Canon EF 70-300mm f/4-5.6 USM IS - Review / Test Report
Lens Reviews - Canon EOS (APS-C)
Wednesday, 26 December 2007 16:42


The Canon EF 70-300mm f/4-5.6 USM IS is a brand new lens replacing the old EF 75-300mm f/4-5.6 USM IS which was the first Canon IS lens to hit the market back in 1995. On APS-C DSLRs such as the EOS 350D/Digital RebelXT (used for testing) the field of view is equivalent to 112-480mm. It's a full frame lens so it is compatible to all EOS cameras out there.

The lens has been improved in a number of ways. The most significant change is a redesign of the optical construction which now features a UD element - something that we usually only see in Canon L grade lenses.
The AF speed has been significantly improved to a very decent level without being as fast as ring-type USM lenses. Thanks to a micro-USM drive the noise level is very low. The lens does not feature FTM (full-time manual focusing in AF mode) though. Due to the rather slow max. aperture the EOS 350D had sometimes a hard time to find a really accurate focus at 300mm - this is not specific to this lens though.
One key selling factor for this lens is naturally the Image Stabilizer (IS). Camera motion is detected by 2 gyro sensors which measure the angle and speed of the shake. This information is used to shift a lens group off the optical axis (basically a forced decentering) to counteract this motion. The result is a significant improvement of handholdibility under extreme conditions. Canon improved the efficiency of the mechanism to an equivalent of 3 f-stops (up from 2 f-stops).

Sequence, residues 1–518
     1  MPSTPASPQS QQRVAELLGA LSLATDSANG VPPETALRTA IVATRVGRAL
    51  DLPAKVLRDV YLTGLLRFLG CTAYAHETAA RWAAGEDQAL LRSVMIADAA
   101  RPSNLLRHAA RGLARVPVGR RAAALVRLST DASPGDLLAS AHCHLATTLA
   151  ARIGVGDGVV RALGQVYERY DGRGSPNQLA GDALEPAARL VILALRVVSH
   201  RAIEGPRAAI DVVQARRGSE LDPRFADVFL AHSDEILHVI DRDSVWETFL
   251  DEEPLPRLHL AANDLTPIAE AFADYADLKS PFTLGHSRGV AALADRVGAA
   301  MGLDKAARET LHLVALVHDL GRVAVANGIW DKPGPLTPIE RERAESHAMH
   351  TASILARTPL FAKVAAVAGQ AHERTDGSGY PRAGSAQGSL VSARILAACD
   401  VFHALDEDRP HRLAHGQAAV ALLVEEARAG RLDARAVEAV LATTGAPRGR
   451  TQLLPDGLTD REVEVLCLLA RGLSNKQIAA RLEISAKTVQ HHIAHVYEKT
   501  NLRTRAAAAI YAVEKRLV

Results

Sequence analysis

The IS now offers 2 different modes (instead of just one):

  • mode (1) for static scenes where the IS corrects shake both vertically as well as horizontally
  • mode (2) for action photography (object tracking) where only vertical shake is corrected

The build quality of the lens is about average and maybe a tad worse compared to its predecessor. Neither the focus nor the zoom control ring is especially damped but at least pretty smooth. The various switches feel a little cheap. As you can see in the product shot above the lens extends significantly during zooming (typical in the lens class) and the front element rotates during focusing operations which means that using a polarizer is a little cumbersome at best. Another new feature is a transport lock that prevents zoom creeping - unfortunately only at the 70mm setting.

The minimal focus distance is 1.5m resulting in a max. object magnification of 1:4. The optical design is made of 15 elements in 10 groups with one UD element. The lens features 8 aperture blades. With a size of 77x142mm and weight of 630g it remains a quite compact lens qualifying it as a good walk-around lens.